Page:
The yellow module comprised 14 genes (Table 2). We used KOBAS to perform functional enrichment analysis using GO and KEGG for the genes in the yellow module . With a significance threshold of p < 0.05, we identified seven significant KEGG functional pathways, which revealed that the core genes in the yellow module were enriched in the prolactin signaling pathway  (Figure 4A). GO enrichment analysis revealed 300 related GO functions (p < 0.05) involving a large number of pathways that might be related to cancer development, including the regulation of signal transduction (GO: 0009966, p = 0.00017), cellular processes (GO: 0009987, p = 0.00024), cellular communication regulation (GO: 0010646, p = 0.00030), and positive regulation of biological processes (GO: 0048518, p = 0.000826) (Figure 4B).
Table 2. The GO annotations of the genes in the yellow module.
|Gene symbol||Gene ID||Biological process (GO)|
|IDI1||3422||GO:0050993 dimethylallyl diphosphate metabolic process|
|PTP4A1||7803||GO:0030335 positive regulation of cell migration|
|BNIP3||664||GO:1902109 negative regulation of mitochondrial membrane permeability involved in apoptotic process|
|NCKAP5||344148||GO:0007019 microtubule depolymerization|
|SOCS2||8835||GO:0060396 growth hormone receptor signaling pathway|
|ADAMTS3||9508||GO:1900748 positive regulation of vascular endothelial growth factor signaling pathway|
|ANXA11||311||GO:0032506 cytokinetic process|
|DYRK1A||1859||GO:0043518 negative regulation of DNA damage response, signal transduction by p53 class mediator|
|EPS8L2||64787||GO:1900029 positive regulation of ruffle assembly|
|DISP1||84976||GO:0007225 patched ligand maturation|
|SLC38A5||92745||GO:1904557 L-alanine transmembrane transport|
|NOVA1||4857||GO:0120163 negative regulation of cold-induced thermogenesis|
|SLC38A3||10991||GO:2000487 positive regulation of glutamine transport|
Figure 4. KEGG and GO function enrichment analyses. (A) KEGG pathway enrichment in the yellow module. (B) GO pathway enrichment in the yellow module. (C) GO enrichment of lncRNAs in the yellow module. (D) KEGG enrichment of the functions of the lncRNAs in the yellow module. (E) KEGG pathway enrichment for the interactions of the differentially expressed genes in the yellow module. (F) GO pathway enrichment for the interactions of the differentially expressed genes in the yellow module.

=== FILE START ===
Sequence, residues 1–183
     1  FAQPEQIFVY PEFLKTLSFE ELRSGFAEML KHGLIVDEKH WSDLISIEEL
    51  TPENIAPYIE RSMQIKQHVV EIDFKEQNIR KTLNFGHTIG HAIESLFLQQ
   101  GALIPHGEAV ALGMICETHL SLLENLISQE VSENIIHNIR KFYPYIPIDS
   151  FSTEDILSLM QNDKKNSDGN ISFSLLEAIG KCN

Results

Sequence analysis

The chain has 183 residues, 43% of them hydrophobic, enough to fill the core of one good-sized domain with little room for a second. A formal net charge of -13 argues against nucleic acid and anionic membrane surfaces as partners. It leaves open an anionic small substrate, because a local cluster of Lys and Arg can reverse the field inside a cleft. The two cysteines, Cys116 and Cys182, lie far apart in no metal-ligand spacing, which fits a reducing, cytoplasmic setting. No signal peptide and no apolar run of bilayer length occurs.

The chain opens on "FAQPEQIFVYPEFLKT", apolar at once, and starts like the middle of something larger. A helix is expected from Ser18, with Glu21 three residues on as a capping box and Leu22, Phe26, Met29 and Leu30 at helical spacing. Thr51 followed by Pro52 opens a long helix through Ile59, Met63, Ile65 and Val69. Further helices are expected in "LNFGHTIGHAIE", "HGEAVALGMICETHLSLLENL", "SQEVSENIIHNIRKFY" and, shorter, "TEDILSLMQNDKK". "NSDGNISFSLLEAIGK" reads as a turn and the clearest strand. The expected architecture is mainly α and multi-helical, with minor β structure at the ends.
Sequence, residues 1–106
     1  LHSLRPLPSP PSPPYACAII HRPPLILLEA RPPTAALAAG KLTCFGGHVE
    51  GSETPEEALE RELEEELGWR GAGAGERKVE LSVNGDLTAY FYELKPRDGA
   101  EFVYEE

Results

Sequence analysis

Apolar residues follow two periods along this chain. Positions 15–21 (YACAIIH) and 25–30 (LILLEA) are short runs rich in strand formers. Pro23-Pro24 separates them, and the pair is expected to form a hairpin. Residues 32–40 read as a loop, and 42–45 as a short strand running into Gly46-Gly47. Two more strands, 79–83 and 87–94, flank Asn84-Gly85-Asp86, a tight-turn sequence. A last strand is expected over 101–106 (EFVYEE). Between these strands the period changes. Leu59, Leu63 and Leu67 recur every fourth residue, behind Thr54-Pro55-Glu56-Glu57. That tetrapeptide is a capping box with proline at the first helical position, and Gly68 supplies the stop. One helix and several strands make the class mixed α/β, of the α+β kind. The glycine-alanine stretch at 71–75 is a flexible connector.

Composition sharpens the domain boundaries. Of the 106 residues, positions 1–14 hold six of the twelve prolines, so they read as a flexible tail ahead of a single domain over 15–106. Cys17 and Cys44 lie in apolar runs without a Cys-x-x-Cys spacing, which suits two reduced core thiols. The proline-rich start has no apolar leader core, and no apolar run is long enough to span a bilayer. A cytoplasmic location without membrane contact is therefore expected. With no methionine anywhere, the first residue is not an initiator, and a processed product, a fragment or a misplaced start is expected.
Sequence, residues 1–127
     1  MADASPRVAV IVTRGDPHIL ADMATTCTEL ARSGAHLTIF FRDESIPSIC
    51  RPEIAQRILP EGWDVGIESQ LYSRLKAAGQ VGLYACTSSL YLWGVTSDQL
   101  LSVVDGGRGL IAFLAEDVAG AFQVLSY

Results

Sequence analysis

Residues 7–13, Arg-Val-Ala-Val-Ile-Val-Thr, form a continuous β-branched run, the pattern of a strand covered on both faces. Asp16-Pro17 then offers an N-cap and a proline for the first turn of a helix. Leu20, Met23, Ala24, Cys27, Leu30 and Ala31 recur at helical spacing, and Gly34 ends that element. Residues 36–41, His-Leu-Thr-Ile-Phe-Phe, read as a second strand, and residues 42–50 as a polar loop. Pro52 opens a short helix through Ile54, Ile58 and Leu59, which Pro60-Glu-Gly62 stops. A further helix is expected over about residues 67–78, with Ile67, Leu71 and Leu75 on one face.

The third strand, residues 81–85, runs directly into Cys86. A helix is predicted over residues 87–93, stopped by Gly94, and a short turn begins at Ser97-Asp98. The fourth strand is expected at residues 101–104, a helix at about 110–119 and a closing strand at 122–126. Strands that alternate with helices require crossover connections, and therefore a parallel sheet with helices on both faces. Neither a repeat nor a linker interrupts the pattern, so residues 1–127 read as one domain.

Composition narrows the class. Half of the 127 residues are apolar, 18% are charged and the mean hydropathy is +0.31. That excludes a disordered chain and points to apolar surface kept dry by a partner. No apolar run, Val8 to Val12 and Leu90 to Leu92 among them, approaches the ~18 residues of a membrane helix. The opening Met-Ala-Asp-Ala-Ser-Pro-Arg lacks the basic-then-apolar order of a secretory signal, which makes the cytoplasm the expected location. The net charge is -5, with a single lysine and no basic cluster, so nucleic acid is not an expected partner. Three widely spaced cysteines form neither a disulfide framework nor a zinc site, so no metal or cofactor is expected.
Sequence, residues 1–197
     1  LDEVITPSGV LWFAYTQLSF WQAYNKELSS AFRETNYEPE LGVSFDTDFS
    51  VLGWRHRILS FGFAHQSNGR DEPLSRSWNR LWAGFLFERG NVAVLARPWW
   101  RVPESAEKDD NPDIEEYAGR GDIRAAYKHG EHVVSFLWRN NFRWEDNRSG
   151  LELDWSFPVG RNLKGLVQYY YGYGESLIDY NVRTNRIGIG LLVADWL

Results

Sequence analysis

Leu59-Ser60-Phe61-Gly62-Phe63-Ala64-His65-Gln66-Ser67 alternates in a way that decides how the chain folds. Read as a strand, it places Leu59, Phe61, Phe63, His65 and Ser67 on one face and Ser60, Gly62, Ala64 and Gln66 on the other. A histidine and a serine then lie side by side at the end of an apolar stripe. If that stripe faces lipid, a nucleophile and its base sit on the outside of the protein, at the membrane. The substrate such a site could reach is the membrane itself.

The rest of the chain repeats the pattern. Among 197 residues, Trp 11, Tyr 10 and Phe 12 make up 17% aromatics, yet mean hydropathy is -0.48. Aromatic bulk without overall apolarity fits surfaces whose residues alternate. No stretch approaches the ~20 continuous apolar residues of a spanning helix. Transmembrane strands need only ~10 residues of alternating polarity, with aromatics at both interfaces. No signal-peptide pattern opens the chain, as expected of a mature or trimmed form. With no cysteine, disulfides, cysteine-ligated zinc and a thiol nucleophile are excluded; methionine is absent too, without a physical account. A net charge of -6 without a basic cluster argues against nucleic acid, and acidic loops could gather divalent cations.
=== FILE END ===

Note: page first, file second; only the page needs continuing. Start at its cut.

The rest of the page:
Enrichr was used to enrich the KEGG and GO functions of the five lncRNAs in the yellow module (p < 0.05). Some pathways that were enriched for the lncRNAs were related to amino acid transport (Figure 4C, 4D), including alanine transport (GO: 0015808, p = 0.00249) and amino acid transmembrane transport (GO: 0003333, p = 0.00747). We identified the GABAergic synapse (p = 0.02205) in the lncRNA-enriched KEGG pathway, which is closely related to breast cancer metastasis [14, 15]. Therefore, the yellow module was likely to be a pathogenic module.
We identified that the lncRNA RP11-317-J19.1 and PTP4A1 acted on BNIP3, which plays a key role in cell apoptosis and autophagy (Figure 4E, 4F) [16–19]. The gene-lncRNA interaction diagram revealed a subtle interaction between the five differentially expressed genes and differentially expressed lncRNAs in the yellow module (Figure 5A, 5B). To validate the gene-lncRNA interactions in the yellow module, we created gene correlation scatter plots for IDI2-AS1 and IDI1, IDI2-AS1 and PTP4A, IDI2-AS1 and BNIP3, PTP4A and IDI1, BNIP3 and IDI1, as well as PTP4A and BNIP3 (Figure 5C). The results revealed that the expression levels of BNIP3 and PTP4A were significantly positively correlated with that of IDI1 (p < 0.05), whereas those of BNIP3 and PTP4A were significantly negatively correlated with those of IDI2-AS1 (p < 0.05). Moreover, the Kaplan-–Meier plots showed that seven genes and two lncRNAs in the core driver gene network and co-expression yellow module were correlated with overall survival, including IDI1, PTP4A1, BNIP3, IFRD1, ZBTB10, DISP1, COQ10B, IDI2-AS1, and SLC38A3 (Figure 6A–6I).